My opinions of code signing, notarising and the hardened runtime

 I had a long rant/chat on Slack about what I've figured out about code signing and notarisation after many late nights. Someone pointed out I should make a blog post about my opinions for posterity, even if it's not 100% accurate (I'm sure it's not), it will be helpful for some tidbits, hopefully. ... The way the bundle is structured, it has a standard structure, Contents containing the actual executable in MacOS, resources in Resources and helper service applications in XPCServices. The two services are the simduino plugin, which is basically a wrapper around simavr and the build engine. The main app is codesigned in the standard way, code signing is a slight misnomer. Carl  12:28 PM “Code signing” is essentially the same process as signing a document or file using PGP or GNUPG, the cryptographic program has a certificate and private key pair, which are equivalent to a public/private key pair in RSA signing, it takes the document, makes a cryptographically secure hash

Where do all my bytes go? ... an analysis of program size in an S4A 4.0 series application

You heard it here first, but coming this year, we are finally releasing the version 2 compiler, as part of Swift for Arduino release 4.0. This is a very exciting new development, with our own patched swift frontend and (most importantly) a custom built standard library, fine tuned for the atmega328p and the arduino uno.  There is most definitely nothing else like this anywhere in the world. Another first! As part of this launch, I'm going to try to do some more blog posts about day to day findings and experiences with making AVR/Arduino programs using our new compiler. As an example, I just compiled this program... import AVR SetupSerial() print("newer API") public let dummyArray = [1,5,9,112,0,1,4] print(dummyArray.count) while true {} This is a super simple program demonstrating some of the powerful new features of version 4.0, namely our custom made strings and our customised arrays. Both are super efficient on a microcontroller and we have removed some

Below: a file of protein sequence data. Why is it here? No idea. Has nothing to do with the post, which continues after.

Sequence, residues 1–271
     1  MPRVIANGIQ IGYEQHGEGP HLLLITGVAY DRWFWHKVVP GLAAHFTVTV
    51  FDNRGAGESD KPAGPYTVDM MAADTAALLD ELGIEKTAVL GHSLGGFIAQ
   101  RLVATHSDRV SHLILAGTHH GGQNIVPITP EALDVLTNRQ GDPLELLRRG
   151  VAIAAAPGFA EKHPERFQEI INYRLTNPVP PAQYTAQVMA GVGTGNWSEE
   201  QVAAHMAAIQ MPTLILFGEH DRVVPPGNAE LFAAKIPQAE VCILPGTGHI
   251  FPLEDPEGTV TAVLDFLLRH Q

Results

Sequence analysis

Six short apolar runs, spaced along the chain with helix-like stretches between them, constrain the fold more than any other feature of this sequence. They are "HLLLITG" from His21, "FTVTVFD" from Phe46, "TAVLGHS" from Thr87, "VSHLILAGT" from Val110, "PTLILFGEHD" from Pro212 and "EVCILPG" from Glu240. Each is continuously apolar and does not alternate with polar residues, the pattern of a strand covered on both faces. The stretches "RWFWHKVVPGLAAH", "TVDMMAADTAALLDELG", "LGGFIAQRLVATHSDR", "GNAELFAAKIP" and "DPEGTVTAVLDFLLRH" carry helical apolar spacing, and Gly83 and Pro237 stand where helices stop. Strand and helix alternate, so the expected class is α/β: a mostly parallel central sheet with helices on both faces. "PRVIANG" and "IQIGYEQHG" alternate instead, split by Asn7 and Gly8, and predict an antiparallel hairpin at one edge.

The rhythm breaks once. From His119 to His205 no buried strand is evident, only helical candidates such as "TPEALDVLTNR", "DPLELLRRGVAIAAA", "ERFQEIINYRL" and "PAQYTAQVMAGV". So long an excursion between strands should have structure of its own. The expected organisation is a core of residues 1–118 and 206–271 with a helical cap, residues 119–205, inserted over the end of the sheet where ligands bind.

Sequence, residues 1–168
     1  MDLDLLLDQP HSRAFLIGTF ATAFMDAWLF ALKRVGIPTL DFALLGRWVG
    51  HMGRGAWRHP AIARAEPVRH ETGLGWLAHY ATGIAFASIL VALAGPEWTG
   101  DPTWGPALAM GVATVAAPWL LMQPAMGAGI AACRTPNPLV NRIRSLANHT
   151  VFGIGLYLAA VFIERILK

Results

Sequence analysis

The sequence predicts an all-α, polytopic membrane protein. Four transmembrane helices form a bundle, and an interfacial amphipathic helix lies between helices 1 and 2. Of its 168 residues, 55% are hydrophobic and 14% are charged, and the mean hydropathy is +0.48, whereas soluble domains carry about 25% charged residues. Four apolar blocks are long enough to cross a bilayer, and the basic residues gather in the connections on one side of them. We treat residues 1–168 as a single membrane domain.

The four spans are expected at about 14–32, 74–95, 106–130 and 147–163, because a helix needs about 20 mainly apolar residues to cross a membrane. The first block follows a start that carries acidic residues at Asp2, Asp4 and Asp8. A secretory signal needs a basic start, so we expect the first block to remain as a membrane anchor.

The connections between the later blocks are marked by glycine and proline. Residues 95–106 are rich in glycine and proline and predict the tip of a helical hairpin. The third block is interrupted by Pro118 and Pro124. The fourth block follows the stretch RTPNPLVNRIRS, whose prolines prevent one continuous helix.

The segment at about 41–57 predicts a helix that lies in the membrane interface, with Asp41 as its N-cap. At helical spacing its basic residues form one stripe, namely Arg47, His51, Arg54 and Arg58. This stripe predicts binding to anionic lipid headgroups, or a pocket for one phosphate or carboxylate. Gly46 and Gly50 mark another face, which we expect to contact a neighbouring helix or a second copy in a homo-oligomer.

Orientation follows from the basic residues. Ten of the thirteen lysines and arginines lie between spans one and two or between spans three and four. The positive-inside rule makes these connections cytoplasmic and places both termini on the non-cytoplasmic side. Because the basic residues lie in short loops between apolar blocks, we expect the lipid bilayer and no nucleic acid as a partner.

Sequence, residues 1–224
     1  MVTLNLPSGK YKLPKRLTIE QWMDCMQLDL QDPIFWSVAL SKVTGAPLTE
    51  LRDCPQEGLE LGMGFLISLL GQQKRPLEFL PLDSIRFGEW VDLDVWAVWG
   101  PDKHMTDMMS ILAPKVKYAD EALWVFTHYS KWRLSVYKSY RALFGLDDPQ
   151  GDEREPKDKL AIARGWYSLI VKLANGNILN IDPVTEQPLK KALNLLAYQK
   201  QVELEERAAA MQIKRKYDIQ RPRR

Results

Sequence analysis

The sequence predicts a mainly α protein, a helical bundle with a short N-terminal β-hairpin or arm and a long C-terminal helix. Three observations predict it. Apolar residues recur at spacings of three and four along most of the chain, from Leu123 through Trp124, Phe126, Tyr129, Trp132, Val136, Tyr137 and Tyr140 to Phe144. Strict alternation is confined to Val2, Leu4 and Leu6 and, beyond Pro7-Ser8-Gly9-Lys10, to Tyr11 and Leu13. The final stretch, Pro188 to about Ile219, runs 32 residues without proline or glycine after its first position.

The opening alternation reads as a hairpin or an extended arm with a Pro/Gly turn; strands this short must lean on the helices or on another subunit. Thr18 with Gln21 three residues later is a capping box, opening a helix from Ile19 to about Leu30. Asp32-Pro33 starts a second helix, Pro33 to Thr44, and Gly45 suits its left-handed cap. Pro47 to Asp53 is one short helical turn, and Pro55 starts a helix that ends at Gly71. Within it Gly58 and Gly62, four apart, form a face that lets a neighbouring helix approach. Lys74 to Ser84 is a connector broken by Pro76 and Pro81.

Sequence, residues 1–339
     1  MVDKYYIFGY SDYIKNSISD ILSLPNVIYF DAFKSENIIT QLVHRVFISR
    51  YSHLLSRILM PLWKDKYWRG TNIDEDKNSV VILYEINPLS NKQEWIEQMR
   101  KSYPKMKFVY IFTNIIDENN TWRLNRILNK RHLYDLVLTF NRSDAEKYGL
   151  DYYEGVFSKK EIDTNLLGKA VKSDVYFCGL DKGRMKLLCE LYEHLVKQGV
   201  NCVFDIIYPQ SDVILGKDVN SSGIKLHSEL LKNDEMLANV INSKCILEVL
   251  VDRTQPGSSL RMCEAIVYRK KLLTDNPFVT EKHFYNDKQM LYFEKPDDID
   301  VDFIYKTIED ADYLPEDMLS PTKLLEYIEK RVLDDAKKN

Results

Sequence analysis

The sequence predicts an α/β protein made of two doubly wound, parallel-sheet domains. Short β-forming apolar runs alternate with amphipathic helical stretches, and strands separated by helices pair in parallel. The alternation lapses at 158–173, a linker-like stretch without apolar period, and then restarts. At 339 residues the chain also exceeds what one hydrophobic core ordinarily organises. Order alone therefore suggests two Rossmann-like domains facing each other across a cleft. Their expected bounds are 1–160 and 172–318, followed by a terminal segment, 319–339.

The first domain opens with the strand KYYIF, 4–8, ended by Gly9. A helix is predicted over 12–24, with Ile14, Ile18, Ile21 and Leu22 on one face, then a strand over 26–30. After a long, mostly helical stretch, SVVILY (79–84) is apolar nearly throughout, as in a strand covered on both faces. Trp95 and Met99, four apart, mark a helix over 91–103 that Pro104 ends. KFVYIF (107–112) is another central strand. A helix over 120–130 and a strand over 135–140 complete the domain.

Sipping power... sleep modes and Swift for Arduino

One feature I have been meaning to add to S4A for a while now is sleep. It might not sound like an important feature but it could radically change the way projects are made. A critical distinguishing feature of S4A is that it creates true native programs for the atmega328p microcontroller, meaning you don't need to have an Arduino UNO, plugged into your laptop or desktop via USB for these programs (although of course you can). This sets it aside from many other attempts to simplify Arduino programming in the past, that effectively run programs on a full PC/Mac then send serial commands to the board to activate it. The next step... how do you make a project that lives on batteries? Well, right out of the box you can do that, at least for a while. See my Hallowe'en project from last year on this blog that I made for my daughter. But that lasted a couple of days on batteries before it faded. Anything with lots of lights and motors is going to need a lot of battery, of co